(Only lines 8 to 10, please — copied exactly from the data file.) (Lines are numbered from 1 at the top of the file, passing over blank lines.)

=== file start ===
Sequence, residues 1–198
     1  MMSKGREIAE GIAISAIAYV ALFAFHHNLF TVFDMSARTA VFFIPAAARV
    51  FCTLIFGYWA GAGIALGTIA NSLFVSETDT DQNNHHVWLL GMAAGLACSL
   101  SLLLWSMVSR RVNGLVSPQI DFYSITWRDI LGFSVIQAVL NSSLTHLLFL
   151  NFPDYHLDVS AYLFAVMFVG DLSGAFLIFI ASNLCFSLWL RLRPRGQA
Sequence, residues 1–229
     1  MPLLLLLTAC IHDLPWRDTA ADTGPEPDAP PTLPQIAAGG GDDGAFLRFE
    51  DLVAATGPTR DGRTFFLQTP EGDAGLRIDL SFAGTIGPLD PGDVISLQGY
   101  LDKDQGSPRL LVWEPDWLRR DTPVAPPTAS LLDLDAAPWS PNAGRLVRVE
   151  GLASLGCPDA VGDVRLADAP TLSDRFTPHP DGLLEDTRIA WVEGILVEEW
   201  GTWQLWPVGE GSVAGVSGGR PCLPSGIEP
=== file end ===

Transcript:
    51  DLVAATGPTR DGRTFFLQTP EGDAGLRIDL SFAGTIGPLD PGDVISLQGY
   101  LDKDQGSPRL LVWEPDWLRR DTPVAPPTAS LLDLDAAPWS PNAGRLVRVE
   151  GLASLGCPDA VGDVRLADAP TLSDRFTPHP DGLLEDTRIA WVEGILVEEW